The first time I learned about a ‘persona’, it made a lot of sense. Just like you I had always thought the management team posted what they thought would reflect on them/the company’s goals the best, but it seems so obvious now that they would utilize a persona. After reading the first article you linked, I felt this line you quoted couldn’t be more accurate, “Personas are the insurance policy that all organizations need to protect a key component of one of their largest digital assets – their content.” Great post.

  3. Margaret Sutherland says:

    I feel like this is a really important topic, and yet one that seems to be consistently overlooked. In any informational interview I’ve had, the professional I’m speaking with has always stressed the importance of a voice. Not only a voice but one that conveys and aligns with your brand identity. I think it is important to be yourself, but on a professional network like Twitter, be consistent.

  4. Andrea Harvey says:

    I’m glad we got to learn about this briefly and that you wrote about it! I had never heard about it before, which is weird because it seems so important! I feel like most companies are not doing this and would definitely see some improvement if they did. This would also kind of force you to do more thinking before you post. And I agree that it sounds like one of the more fun things about social media strategy & planning. I could totally see myself going all out in naming them and giving them a compelling and probably way too in-depth backstory.

  5. Sophie Wenet says:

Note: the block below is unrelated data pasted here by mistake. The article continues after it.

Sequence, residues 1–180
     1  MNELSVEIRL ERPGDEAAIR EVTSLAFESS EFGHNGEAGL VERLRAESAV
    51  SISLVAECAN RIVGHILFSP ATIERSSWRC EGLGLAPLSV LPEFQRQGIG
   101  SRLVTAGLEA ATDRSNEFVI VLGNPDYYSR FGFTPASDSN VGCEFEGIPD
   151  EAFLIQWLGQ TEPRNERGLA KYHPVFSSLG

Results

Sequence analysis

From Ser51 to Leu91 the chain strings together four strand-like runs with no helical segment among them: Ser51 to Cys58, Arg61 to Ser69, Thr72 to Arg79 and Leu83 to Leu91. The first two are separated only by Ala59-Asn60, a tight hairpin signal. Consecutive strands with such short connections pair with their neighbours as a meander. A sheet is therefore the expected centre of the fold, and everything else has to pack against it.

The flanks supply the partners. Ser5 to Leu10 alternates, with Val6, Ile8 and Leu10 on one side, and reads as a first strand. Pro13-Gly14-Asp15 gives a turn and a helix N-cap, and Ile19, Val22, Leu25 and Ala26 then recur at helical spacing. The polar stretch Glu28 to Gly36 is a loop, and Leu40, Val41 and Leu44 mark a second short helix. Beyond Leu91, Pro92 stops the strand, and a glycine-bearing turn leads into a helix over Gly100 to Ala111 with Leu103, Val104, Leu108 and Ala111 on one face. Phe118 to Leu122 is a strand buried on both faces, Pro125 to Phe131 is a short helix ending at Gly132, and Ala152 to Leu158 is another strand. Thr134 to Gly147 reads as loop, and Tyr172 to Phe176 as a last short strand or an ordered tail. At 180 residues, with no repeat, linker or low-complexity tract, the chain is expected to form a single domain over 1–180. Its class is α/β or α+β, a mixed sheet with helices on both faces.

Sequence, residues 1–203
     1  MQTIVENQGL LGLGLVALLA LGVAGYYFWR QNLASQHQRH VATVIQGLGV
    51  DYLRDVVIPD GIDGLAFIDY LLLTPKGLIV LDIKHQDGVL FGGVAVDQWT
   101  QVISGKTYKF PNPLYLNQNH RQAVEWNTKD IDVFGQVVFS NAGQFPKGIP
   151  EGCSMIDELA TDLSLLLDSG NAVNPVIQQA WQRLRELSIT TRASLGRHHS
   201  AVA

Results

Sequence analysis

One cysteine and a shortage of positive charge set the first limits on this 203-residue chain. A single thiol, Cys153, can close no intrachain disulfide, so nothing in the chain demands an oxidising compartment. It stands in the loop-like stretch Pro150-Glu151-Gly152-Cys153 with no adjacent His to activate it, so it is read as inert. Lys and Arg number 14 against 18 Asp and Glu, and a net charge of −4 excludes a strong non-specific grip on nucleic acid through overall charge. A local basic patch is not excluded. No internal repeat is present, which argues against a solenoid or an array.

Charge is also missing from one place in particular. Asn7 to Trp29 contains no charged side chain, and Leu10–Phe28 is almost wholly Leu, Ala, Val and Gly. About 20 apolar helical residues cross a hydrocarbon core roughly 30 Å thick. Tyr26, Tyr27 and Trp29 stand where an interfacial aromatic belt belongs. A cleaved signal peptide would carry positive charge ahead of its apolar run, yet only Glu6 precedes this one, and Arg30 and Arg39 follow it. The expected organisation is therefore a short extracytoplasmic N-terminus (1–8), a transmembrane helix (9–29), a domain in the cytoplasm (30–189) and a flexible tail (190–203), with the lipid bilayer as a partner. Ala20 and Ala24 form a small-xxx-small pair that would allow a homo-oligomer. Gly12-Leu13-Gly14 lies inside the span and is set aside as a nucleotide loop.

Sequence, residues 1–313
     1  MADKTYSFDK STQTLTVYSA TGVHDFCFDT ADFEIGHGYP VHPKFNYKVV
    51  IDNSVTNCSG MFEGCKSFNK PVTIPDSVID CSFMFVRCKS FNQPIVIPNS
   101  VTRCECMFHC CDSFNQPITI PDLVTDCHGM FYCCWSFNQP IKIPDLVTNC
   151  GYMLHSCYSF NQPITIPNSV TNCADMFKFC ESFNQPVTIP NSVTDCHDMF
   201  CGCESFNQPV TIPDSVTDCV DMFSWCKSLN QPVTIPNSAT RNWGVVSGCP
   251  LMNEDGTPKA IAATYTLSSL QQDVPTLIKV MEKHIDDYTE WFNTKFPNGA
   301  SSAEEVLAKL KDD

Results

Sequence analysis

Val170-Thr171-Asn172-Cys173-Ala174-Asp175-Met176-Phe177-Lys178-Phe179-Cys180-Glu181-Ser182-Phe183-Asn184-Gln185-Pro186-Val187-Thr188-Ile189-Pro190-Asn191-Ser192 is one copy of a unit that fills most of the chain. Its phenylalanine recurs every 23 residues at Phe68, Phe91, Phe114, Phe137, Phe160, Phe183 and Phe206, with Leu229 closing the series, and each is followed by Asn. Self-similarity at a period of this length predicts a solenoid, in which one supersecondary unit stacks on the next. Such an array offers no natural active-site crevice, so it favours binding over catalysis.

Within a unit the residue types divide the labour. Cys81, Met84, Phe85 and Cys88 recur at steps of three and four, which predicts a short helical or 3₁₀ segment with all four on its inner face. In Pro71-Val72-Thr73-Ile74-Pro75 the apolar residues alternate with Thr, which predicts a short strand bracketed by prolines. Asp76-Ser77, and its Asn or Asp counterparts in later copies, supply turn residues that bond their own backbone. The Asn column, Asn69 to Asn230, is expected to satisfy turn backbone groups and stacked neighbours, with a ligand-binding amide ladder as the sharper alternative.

Like many other commenters on this post, I found it very beneficial to get a glimpse into the concept of a persona. Though I do feel it is important that a brand should vary in character to a point, because it is important to make your brand relatable to as many people as possible, it is also extremely important to create a brand that people recognize based on its consistency. I agree that most, but not all, companies should implement a persona in order to create a cohesiveness among the brands employees and the customers or followers.

  6. Nick Hanlin says:

    Looking to an individual for this persona is at first questionable. However, when the topic is explored deeper it becomes obvious that it is truly the best way to reach the best audience. A brand must stay loyal to that audience, and constantly staying familiar with the individual persona is a great way to do that. I think a company that does that really well is Hurley. While they are branching out and making street wear clothing and women’s clothing as well, they are keeping the surfer at their core. Forgetting the core target audience can lead to the demise of a great brand, like Rebok for example.

  7. SSM Student says:

    I’m a bit wary about this concept of a persona. It’s a very tricky rope to walk to cover hundreds or thousands or millions of people by describing the life of one person. Marketers and advertisers are starting to do this more and more instead of the traditional “40 year old males” as you said, but that classification describes more people than
    “45 year old Derrick, from Saskatchewan, loves Game of Thrones, is afraid of balloons, bikes to work, and really, really cares about his preferred brand of dish soap.”!!!! This is also why I’m wary of one person being in charge of a company’s entire public face/voice. It’s simply too risky in this day and age of PC and non-offense.

    -Alexander Cano

  8. Makenzie Hammond says:

    When we first talked about persona’s in class my first thought was “wow that is really odd.” But after thinking about it I realized how brilliant it is. It also makes the job of the marketers so much easier when trying to come up with social content and marketing materials. It really helps you look through the lens of your audience and be able to know what they feel about the content you may be targeting them with. The only thing I see as a possible threat with persona’s is that if you’re not careful you could exclude part of your audience unknowingly.

    Great post, Jessica!